The comments follow a report by the Telecommunications Industry Ombudsman (TIO) which CA says noted that a provider had breached consumer trust.
“It is very disappointing when a provider breaches consumer trust, and the rules it is required to observe,” said John Stanton, CEO of telecommunications industry body Communications Alliance.
“We are working with Communications Compliance and the ACMA to provide education on supplier requirements across the sector, and will always work with industry members who are looking to improve.
“However, unfortunately in such a large marketplace – according to the TIO’s 2018 annual report there were 1,600 providers – small and often transient players sometimes attempt to operate outside the rules.
“Providers like that are not welcome in our Industry. Communications Alliance members are working with the ACMA to act against such behaviour and prevent those providers from continuing to operate.”
Stanton said that “additionally, the strengthened Industry Code – the Telecommunications Consumer Protections (TCP) Code - comes into effect today, including vigorous new rules on selling practices, which will help the ACMA enforce against the practices raised in the TIO’s Spotlight.”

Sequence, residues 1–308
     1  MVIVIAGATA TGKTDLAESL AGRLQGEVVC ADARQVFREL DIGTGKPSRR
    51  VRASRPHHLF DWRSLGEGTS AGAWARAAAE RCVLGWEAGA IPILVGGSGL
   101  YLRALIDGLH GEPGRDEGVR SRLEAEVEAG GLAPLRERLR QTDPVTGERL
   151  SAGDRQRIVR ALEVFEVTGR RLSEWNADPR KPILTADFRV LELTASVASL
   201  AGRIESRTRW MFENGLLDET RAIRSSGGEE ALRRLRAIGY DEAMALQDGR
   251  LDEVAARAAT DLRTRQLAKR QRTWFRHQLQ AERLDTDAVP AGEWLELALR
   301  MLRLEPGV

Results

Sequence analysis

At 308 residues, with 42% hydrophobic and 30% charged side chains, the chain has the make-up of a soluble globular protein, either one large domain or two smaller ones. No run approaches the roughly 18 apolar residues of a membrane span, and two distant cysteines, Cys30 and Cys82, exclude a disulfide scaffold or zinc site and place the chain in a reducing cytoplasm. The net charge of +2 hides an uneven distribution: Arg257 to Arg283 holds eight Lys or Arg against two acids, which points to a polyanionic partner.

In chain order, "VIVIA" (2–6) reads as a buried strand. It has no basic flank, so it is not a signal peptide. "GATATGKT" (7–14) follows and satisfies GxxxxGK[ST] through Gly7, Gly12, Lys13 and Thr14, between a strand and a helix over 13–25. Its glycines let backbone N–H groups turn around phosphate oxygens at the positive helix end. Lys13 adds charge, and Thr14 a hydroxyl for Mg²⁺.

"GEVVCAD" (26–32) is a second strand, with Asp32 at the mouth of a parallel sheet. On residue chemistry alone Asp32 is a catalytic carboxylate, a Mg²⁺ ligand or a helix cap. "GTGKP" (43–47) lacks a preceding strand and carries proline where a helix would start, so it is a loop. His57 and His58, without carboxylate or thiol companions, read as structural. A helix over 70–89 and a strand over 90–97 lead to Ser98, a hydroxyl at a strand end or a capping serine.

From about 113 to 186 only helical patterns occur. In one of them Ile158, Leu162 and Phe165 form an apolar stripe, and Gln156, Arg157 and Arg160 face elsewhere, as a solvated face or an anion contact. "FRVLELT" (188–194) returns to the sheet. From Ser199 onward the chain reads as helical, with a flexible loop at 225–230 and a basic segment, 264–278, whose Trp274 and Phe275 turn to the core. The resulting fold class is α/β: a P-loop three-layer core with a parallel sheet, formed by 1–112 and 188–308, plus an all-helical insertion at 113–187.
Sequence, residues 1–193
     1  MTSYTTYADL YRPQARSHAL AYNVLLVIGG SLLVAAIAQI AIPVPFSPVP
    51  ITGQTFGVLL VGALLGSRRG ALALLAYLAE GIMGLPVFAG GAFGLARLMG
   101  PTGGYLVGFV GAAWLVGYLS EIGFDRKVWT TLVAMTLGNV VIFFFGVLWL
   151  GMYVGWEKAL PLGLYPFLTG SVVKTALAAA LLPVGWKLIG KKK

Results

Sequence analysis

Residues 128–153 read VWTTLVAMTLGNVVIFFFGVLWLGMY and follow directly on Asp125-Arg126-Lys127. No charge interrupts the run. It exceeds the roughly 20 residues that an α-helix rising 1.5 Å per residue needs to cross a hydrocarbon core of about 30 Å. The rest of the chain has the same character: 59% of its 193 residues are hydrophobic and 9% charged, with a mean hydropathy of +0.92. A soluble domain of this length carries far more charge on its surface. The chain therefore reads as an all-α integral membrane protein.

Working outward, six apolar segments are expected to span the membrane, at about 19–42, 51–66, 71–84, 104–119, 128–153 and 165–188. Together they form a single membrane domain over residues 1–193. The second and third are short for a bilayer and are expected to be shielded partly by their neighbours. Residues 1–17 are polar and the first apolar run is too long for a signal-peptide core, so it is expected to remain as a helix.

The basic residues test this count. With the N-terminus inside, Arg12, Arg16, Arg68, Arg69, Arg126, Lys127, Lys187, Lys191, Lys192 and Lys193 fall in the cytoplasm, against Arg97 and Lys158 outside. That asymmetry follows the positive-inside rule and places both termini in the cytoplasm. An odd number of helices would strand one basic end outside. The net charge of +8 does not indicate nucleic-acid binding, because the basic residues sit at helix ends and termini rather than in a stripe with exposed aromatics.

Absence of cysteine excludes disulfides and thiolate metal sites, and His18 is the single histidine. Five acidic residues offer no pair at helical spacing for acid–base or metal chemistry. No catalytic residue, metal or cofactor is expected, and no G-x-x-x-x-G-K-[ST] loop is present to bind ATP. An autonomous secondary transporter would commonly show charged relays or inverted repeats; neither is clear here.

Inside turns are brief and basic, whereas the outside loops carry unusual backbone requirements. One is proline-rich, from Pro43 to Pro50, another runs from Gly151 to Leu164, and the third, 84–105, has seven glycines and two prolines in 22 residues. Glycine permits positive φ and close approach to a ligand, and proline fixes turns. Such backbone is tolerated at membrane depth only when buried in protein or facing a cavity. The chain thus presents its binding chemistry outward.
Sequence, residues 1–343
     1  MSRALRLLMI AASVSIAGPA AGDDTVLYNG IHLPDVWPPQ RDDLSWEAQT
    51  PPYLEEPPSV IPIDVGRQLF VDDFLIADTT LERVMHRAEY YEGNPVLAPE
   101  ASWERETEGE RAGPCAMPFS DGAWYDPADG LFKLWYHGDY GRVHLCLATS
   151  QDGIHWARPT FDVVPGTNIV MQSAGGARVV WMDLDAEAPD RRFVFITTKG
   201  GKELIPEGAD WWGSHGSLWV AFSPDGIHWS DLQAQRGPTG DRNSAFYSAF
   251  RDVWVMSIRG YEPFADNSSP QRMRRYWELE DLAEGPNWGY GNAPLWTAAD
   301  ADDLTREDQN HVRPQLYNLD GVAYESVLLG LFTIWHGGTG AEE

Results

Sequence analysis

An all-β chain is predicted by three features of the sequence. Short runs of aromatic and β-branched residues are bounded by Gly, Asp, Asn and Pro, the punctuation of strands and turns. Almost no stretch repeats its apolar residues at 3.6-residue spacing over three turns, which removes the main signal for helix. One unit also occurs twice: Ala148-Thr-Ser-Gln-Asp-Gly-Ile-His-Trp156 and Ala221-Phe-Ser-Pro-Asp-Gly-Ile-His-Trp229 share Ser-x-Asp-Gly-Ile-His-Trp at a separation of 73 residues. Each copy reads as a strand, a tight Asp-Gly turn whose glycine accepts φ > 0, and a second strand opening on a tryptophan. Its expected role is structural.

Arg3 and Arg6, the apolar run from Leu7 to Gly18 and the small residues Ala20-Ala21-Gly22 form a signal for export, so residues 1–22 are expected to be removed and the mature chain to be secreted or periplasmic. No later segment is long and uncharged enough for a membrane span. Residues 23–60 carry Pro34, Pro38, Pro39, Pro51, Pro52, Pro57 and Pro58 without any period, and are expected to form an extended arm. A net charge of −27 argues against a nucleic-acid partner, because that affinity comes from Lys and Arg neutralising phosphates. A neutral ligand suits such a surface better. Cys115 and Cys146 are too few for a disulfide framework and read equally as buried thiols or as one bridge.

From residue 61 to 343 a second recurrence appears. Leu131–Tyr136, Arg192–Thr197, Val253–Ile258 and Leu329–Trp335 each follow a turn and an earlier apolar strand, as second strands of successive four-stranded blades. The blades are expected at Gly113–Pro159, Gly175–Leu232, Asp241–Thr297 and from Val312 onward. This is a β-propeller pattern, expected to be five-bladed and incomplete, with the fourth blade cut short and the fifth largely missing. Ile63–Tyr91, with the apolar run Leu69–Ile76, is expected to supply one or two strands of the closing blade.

As reported by iTWire in early July, the telecommunications regulator, the Australian Communications and Media Authority (ACMA), said that telco customers would now be better protected under new consumer protection rules it had just introduced.
The enhancement of protections came after the ACMA announced that it had revised and strengthened the Telecommunications Consumer Protections Code which requires telcos to promote and sell their products in a fair and responsible manner.
The industry-developed Code also requires telcos to clearly explain key terms and conditions to enable consumers to make informed decisions and to assess a customer’s capacity to pay.
"We see evidence of customers being encouraged to sign up to multiple plans which do not meet th.eir needs, are excessive or beyond their financial capacity,” ACMA chair Nerida O’Loughlin said.
“The impact of this is serious, particularly for those in vulnerable circumstances, leading to financial hardship and denial of access to critical services.”